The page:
Xiangqi Grandly Debuted With Its 18th World Championship Kicking Off in U.S. Space City


 In a significant moment for Xiangqi, an ancient Chinese board game, world-class competitors and enthusiasts are gathering in Houston, also known as the U.S. Space City, in Texas, for the commencement of the 18th World Xiangqi Championship on Sunday night.

Demonstrating the global appeal of Xiangqi, which is often referred to as Chinese chess, the prestigious event also represents the first time the tournament has been held on American soil.

“The tournament has been a bridge between the rich traditions of Xiangqi and the enthusiasm of American audiences,” said Yushan Hu, Chairman of the Houston Xiangqi Association, when addressing the opening ceremony.

“It’s heartening to see the cultural exchange and mutual respect among players and fans,” he said.

Reflecting on the impact of the tournament, Texas Governor Greg Abbott highlighted the positive influence of Asian immigrants and Asian Americans on the cultural landscape of the Lone Star State.

“This event has not only showcased the excellence of Xiangqi but has also celebrated the diverse contributions of our communities,” the governor said in a statement his office issued prior to the competition.

The week-long competition, together with the 4th World Youth Xiangqi Championship being held concurrently, attracts a total of 84 participants from 13 countries and regions, according to the organizers.

Following their victory in Kuching, Malaysia, two years ago, Team China this year is fielding three of its top national players – Meng Chen, Liu Huan, and Tang Sinan – to defend their championship title.

Particularly noteworthy is Meng Chen, a prominent figure in the game and currently holding the 3rd national ranking. As the championship nears its conclusion, Meng remains determined in his commitment to uphold Team China’s legacy and compete for his first World Champion title on American soil.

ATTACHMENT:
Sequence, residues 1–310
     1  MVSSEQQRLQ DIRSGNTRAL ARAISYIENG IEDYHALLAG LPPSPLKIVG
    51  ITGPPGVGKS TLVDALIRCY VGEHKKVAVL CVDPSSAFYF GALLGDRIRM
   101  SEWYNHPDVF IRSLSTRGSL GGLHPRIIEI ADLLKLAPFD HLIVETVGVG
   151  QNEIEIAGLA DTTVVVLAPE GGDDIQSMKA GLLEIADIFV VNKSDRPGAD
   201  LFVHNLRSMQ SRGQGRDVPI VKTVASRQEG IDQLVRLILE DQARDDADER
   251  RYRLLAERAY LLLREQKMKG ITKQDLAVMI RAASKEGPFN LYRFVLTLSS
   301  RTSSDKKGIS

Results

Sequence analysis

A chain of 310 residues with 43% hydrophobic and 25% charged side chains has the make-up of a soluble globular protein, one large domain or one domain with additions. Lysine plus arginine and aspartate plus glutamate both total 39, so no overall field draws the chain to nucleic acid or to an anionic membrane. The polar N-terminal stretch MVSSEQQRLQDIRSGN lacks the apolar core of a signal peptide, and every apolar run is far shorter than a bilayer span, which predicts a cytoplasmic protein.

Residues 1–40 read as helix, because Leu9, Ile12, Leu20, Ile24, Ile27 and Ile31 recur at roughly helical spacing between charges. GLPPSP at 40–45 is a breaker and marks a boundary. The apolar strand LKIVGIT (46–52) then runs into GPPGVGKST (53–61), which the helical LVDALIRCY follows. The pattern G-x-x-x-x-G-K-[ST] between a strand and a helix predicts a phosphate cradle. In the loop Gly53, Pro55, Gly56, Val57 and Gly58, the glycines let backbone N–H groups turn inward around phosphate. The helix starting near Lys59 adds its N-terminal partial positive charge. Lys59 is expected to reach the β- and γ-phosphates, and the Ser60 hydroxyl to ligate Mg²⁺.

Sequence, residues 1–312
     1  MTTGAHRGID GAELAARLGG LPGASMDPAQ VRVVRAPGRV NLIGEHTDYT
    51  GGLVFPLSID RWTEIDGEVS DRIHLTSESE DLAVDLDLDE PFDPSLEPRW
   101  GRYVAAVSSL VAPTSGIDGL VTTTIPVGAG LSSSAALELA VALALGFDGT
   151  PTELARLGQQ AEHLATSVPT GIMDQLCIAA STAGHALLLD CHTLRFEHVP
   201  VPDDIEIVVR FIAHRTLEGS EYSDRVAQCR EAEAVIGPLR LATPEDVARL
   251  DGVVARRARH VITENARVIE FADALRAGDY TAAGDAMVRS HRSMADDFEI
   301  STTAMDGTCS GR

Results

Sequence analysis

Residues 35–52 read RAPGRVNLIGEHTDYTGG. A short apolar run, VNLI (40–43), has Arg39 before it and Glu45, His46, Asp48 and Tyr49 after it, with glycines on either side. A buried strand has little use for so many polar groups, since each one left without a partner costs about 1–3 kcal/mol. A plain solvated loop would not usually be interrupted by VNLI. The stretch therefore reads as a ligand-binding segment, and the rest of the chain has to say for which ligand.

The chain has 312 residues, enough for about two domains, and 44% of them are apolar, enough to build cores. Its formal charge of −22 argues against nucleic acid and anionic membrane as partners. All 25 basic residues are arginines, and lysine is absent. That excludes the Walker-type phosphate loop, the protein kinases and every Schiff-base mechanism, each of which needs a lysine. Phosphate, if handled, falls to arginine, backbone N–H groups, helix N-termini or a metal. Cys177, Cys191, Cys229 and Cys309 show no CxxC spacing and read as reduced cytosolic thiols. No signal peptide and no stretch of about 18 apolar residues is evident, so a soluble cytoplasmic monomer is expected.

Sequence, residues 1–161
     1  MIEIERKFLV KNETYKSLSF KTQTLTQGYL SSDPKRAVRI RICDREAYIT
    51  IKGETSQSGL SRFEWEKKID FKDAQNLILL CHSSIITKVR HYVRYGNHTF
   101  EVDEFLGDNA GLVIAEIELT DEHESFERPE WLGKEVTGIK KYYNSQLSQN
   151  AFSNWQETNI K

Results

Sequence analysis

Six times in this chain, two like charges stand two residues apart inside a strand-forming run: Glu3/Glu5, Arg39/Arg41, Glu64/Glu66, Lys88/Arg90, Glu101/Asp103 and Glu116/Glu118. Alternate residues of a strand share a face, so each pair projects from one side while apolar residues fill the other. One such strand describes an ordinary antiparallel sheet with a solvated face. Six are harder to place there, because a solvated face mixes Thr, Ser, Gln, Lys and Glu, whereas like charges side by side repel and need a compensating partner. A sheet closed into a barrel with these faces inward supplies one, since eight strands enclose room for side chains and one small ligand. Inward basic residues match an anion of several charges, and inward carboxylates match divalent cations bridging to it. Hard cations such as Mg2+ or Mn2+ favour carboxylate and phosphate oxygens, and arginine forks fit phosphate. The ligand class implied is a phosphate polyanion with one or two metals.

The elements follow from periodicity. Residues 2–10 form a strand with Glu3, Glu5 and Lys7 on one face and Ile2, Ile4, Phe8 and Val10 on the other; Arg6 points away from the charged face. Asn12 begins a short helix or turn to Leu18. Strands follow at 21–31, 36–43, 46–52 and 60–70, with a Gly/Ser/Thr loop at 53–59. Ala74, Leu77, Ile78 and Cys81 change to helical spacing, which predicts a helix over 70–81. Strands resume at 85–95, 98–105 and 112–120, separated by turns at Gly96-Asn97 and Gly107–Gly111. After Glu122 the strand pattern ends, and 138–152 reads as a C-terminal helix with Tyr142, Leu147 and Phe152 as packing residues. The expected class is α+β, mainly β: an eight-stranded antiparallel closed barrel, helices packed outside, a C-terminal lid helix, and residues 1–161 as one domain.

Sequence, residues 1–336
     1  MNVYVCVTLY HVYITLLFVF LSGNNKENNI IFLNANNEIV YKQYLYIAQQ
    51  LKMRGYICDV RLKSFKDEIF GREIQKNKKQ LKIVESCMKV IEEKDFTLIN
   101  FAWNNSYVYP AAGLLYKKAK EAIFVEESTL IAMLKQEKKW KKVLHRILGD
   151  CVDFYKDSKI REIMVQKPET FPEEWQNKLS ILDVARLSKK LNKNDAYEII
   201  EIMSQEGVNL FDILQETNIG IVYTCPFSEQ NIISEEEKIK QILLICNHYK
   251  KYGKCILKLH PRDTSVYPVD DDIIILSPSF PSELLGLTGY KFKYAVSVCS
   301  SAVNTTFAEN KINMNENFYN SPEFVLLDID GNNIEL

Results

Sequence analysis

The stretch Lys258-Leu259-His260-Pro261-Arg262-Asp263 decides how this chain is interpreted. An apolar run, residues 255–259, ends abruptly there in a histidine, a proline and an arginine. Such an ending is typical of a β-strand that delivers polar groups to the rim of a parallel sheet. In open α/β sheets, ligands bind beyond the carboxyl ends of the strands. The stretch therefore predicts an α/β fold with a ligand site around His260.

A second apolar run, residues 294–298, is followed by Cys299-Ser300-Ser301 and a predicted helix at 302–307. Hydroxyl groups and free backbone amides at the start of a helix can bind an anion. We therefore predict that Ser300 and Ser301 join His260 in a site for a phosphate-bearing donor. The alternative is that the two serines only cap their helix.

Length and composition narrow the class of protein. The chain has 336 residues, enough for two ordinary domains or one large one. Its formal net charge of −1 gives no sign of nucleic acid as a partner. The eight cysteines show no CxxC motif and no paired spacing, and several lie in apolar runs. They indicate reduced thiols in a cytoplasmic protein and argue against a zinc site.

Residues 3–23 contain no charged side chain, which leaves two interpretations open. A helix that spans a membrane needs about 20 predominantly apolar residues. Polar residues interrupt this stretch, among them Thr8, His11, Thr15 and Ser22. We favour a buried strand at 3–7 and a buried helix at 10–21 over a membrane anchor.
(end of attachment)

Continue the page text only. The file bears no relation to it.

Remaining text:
“I will give my best, with the aim of bringing honor to my team and country in Houston,” Meng told Xinhua in a short interview during the opening ceremony, showcasing the determination and competitive spirit that characterizes Xiangqi players worldwide.

In the current World Chess Championship, Team USA includes a non-Asian player, Olivier Tessier.

Having initially learned Korean Chess, Tessier made the switch to Chinese chess two years ago, discovering a profound interest in the game, he told Xinhua.

After a commendable performance in the Korean Chess Championship’s round of 16, he voiced his resolve for the current championship, stating, “Despite the strong competition, I’ll give it my best and enjoy the experience.”

The World Xiangqi Federation (WXF), the American Xiangqi Association, the Houston Xiangqi Association, and the Houston Sports Authority are collaboratively hosting this significant event.

The results will be revealed on Nov. 24, and candidates from all groups are set to compete for the Rapid Championship on Nov. 25.

As stated on the Xiangqi.com website, Chinese chess dates back to at least 700 AD. Boasting over a billion players, it has evolved into a global game and attracted die-hard fans worldwide.

The inaugural World Xiangqi Championship took place in Singapore in 1990 and has been held biennially by the WXF since 1991.